There is a fantastic company in New York City, called Expecting Models. It was started by a woman from the modeling world, who noticed the need for pregnant models in the market and having the first-hand experience in models looking for work while on maternity leave. What a great example of finding a very profitable niche market! Using real business world experience from the industry and running with it! Because the founder knew how to find a niche product, she was able to quickly capture a newly created market segment. Now all the niche players know that Expecting Models is the leader in the market.
    There are other companies that follow suit. For example, take Megami, a new brand of mastectomy lingerie that combines sexy with function and gives traditional medical apparel companies a run for their money. They created Megami Modeling, which lets post-op women realize their dreams of becoming fashion models. Another good way of capturing a niche market position.

  • Don’t wait for a revolutionary idea, evolutionary will work.

    You might be looking to find a unique business idea for one of your specific market segments. This is the right approach, but don’t focus on the word ‘unique’ quite so much. That lucky break might just come from looking at something very ordinary in a new light. There are million-dollar companies that sell Doggles (sunglasses for dogs) and curved razor that goes on one’s finger for easy head shaving for men. Is it just luck? I believe it’s being observant of the niche market ideas that are looking everyone in the face.
    Doggles

    Doggles – fantastic example of a niche dog eyewear and accessories business

  • Utilize your contacts.

    The people you know can help you find niche market ideas. Talk to your colleagues and people in your field. Ask questions, show general interest and perhaps you will stumble upon a good niche product or service. Not only that, but those very people (and others that know you personally) may very well be your first customers.
    There is an engineering firm in the American South, which builds infrastructure for the oil and gas industry (think oil rigs in the ocean). They are a successful multi-million dollar venture now, but it was started by a man that was able to use contacts from his internship. Not only was he able to build a business in one of the most profitable niche markets. He was able to become one of the dominant niche players in less than 25 years.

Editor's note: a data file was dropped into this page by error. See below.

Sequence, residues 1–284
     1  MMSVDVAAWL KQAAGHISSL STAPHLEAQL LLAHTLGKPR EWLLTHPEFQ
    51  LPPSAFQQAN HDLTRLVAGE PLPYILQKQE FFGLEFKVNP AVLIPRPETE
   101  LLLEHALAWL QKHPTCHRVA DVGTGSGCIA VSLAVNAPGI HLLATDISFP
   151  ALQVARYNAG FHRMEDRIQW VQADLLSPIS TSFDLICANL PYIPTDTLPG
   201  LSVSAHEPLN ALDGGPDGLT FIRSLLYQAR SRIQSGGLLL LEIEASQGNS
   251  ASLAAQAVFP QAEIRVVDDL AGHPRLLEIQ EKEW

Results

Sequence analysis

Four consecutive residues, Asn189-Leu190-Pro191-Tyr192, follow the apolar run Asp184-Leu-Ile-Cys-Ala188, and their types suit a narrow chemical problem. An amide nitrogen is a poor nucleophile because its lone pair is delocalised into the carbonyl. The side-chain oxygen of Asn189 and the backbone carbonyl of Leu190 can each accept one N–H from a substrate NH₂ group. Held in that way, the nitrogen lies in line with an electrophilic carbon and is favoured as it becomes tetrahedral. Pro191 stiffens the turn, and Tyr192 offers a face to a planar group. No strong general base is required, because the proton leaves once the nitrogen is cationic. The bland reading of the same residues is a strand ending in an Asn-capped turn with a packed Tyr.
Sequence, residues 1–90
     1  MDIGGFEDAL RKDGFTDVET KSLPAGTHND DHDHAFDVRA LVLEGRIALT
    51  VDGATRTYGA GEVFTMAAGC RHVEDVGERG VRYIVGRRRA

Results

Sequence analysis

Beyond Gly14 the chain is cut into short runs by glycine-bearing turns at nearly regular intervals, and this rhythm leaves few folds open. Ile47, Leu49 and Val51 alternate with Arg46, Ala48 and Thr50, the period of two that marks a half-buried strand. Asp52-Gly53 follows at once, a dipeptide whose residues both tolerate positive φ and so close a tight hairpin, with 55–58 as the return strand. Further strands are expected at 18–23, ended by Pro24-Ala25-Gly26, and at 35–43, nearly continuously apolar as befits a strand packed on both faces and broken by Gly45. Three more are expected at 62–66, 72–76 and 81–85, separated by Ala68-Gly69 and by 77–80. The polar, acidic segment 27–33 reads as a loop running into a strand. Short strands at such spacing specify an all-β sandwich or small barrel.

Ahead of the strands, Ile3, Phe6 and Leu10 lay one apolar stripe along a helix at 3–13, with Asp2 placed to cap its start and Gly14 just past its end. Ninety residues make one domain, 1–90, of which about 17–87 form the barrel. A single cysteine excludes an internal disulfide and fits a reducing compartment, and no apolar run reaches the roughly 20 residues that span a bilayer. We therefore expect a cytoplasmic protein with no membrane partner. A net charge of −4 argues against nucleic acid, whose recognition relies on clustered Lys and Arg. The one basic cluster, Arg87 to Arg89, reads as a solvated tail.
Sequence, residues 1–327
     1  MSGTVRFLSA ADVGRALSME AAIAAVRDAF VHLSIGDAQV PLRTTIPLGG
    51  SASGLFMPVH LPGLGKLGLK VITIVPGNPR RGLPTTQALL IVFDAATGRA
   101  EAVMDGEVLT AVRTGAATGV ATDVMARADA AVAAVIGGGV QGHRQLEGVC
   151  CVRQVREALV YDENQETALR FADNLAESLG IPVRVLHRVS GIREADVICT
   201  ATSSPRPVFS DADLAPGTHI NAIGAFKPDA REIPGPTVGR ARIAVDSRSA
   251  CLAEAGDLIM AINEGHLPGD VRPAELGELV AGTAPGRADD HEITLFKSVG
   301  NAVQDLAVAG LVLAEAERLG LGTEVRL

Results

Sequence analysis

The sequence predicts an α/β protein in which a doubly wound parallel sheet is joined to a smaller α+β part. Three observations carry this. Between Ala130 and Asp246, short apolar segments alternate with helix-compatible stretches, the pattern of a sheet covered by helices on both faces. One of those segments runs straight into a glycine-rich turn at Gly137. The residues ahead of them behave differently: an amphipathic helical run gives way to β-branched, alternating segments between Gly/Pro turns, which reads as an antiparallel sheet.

• Assess your risk and exercise caution.

    If you are figured out how to find a niche product that’s close to the products and services of the company where you work, be sure to read any documents and policies that the company has about intellectual property and non-compete agreements.
    There was a well-documented case of a medical device company that sued and won a case of intellectual property infringement, because they claimed that their employee stole from them, by taking what was rightfully theirs (his own creation) and taking it to market on his own. You really don’t want to find yourself in a situation where your old employer sues you for the stuff you created while employed there. The same goes for being careful with how you approach your potential contractors and customers, whose contact information you obtained while working for someone else.

    In today’s complex business world, just about any industry a new business enters, it’s guaranteed to have challenges. Niche markets offer the founder a chance to capitalize on his built-in strengths, which he gained as a hobby or in his past professional experience. It’s like starting school at 1 grade, rather than Pre-Kindergarten. For example, wouldn’t it be better to pass the initial stages and gain momentum faster?

  • Making connections to fulfill a niche

    Really, it’s about connecting the dots between what you are and what you want to do in the most efficient way possible, by learning how to find your niche in business that would utilize your unique skill set. It might take you some soul searching and researching. But more often than not, one day you will have an aha moment, realizing that the business idea was in front of you the whole time. (It may not be a single moment of epiphany, but it may come to you over time). Then it will be up to you to decide if you want to do something about it. And then, if the conditions are right, you will know for yourself, that if the shoe fits, wear it.

Jane Ivanov

Writer @ amoCRM

Serial entrepreneur, recipient of the North American E-Business Champion award